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I'm new to Camel, Netty and UDP, but I've been researching this for a while and still can't figure out what's going on.

All I'm trying to do is implement a UDP listener using Camel and Netty (currently on Windows 7, but will be moving the project to Linux). My spring config is as follows:

<camel:camelContext id="test">
    <camel:route>
        <camel:from uri="netty:udp://localhost:5150?sync=false"/>
        <camel:to uri="log:cameltest?level=DEBUG"/>     
        <camel:to uri="file://outbox"/>
    </camel:route>
</camel:camelContext>

The listener appears to starts fine (running through Eclipse). However, when I do a netstat, I see this:

UDP    0.0.0.0:5150
UDP    [::ffff:127.0.0.1]:5150

when I am expecting it to be listening on 127.0.0.1. Nothing I've read online is clear on if this is expected behavior for Camel/Netty/UDP.

I'm testing this by sending from a Java NIO UDP Client. If an NIO UDP Server is listening, it receives the packet fine (all done through localhost).

I also tested a Camel/Netty/TCP listener and that works fine.

Why is the listener listening to all local addresses? And if so, why isn't it receiving my packet from localhost?

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I would add a logging handler and log out all the channel events. –  Nicholas Feb 28 '13 at 11:54
    
I've debugged as far as I could go, all the way up to the native bind0 method in sun.nio.ch.Net. I didn't see anything unusual, and no exceptions were thrown. It looks like no matter what hostname I specify, it still tries to listen on all local addresses. I just tried to make my NIO UDP Server listen at 0.0.0.0, and it receives packets from my NIO client just fine. Still don't know why the camel version isn't... –  mdnghtblue Feb 28 '13 at 17:43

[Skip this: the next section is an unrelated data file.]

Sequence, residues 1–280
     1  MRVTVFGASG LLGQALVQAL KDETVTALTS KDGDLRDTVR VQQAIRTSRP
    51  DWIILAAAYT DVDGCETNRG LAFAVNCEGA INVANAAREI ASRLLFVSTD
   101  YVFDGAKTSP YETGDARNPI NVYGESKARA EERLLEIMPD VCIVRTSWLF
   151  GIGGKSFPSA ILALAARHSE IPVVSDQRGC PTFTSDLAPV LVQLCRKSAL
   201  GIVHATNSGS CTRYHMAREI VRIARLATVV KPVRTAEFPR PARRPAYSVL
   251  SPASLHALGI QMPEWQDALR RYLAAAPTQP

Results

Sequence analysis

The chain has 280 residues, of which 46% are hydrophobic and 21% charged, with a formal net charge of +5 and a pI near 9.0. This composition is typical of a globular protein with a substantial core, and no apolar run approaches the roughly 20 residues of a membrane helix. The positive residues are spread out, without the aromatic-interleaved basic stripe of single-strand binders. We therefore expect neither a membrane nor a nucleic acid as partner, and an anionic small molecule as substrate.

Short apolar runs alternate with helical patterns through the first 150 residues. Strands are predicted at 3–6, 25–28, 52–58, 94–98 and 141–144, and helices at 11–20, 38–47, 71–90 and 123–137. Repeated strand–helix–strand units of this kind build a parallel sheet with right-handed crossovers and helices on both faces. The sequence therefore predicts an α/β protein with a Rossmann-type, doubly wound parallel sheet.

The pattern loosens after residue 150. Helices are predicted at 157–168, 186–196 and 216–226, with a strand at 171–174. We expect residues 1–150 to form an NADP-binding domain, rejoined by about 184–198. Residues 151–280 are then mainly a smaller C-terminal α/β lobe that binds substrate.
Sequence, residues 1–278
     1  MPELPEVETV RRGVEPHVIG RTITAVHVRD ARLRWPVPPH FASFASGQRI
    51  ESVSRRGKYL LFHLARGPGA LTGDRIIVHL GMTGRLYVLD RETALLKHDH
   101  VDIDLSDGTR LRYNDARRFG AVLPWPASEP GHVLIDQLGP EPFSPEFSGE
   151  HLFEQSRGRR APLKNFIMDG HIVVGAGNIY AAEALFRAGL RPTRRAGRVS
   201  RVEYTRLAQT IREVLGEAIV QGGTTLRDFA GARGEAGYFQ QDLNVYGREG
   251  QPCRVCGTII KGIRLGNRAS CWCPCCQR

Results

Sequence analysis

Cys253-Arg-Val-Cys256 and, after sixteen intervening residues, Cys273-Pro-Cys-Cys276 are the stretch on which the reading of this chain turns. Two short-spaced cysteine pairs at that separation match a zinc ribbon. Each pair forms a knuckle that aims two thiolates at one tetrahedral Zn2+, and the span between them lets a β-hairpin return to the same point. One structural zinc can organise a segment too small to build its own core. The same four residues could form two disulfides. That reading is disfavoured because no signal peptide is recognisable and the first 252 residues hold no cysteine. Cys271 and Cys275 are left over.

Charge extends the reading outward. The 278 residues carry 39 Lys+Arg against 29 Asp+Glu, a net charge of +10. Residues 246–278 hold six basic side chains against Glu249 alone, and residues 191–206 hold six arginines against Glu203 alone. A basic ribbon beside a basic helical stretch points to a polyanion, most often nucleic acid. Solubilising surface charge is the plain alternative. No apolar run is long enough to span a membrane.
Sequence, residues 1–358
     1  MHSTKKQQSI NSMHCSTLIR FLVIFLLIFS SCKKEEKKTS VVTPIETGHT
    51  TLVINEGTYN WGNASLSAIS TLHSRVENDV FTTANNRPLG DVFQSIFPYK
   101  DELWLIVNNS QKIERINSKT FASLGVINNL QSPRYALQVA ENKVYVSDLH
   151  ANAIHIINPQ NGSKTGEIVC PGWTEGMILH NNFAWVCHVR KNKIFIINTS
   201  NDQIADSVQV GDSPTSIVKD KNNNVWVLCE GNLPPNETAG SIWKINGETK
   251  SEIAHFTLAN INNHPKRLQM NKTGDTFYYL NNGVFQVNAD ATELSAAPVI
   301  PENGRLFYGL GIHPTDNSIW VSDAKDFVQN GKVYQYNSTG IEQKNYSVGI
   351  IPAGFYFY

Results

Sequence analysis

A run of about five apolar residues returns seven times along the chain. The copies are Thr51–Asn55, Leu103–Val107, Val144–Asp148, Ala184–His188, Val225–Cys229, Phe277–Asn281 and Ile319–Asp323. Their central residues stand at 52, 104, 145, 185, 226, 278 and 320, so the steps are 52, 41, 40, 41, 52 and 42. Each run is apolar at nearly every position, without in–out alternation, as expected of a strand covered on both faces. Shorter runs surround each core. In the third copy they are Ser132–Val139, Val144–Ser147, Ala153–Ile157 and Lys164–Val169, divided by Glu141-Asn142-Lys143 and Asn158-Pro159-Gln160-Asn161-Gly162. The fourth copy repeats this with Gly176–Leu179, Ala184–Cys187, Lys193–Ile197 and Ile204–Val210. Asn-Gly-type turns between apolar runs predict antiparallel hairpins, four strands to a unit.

1 Answer 1

up vote 5 down vote accepted

I figured it out. This was my final spring context:

<bean class="org.jboss.netty.handler.codec.string.StringDecoder" id="stringDecoder">
    <constructor-arg value="ISO_8859_1" />
</bean>

<camel:camelContext id="test">
    <camel:route>
        <camel:from uri="netty:udp://localhost:5150?decoder=#stringDecoder&amp;disconnectOnNoReply=false&amp;sync=false"/>
        <camel:to uri="log:cameltest?level=DEBUG"/>     
        <camel:to uri="file://outbox"/>
    </camel:route>
</camel:camelContext>

After doing some research on UDP and Netty, I found out that listening on 0.0.0.0:[port#] seemed to be the default behavior for Netty/UDP. For more information on what 0.0.0.0 means, see this link.

A fellow programmer suggested (because I'm essentially working with a framework within a framework), to take out the camel stuff and try to get it working in Netty. I tried this and I was able to get it working, and was also able to send to it from my NIO UDP Client. For a while I thought the problem was in camel because I couldn't see anything wrong with the Netty implementation.

After hours of step-by-step debugging in the Netty/UDP, Camel/TCP, and the "broken" Camel/UDP, I noticed that the Camel Netty implementation used a ConnectionlessBootstrap from the org.jboss package to bind the connection. In my Netty implementation, I was using Bootstrap from the io.netty package.

I found an example using the ConnectionlessBootstrap and org.jboss package from http://massapi.com/class/org/jboss/netty/bootstrap/ConnectionlessBootstrap.java.html. When I got it working, I compared the implementation to mine, and noticed he had an encoder and decoder on both ends. This is where I got the idea to add a CharsetUtil.ISO_8859_1 decoder to my listener and managed to get the project working.

I also noticed I was only able to send to it once at a time. Setting the property disconnectOnNoReply to false allowed the listener to receive multiple times without disconnecting.

Hope this helps someone out in the future. :)

[edit] Actually after further testing, the "disconnectOnNoReply" may not be needed. I just tried it without it and it works.

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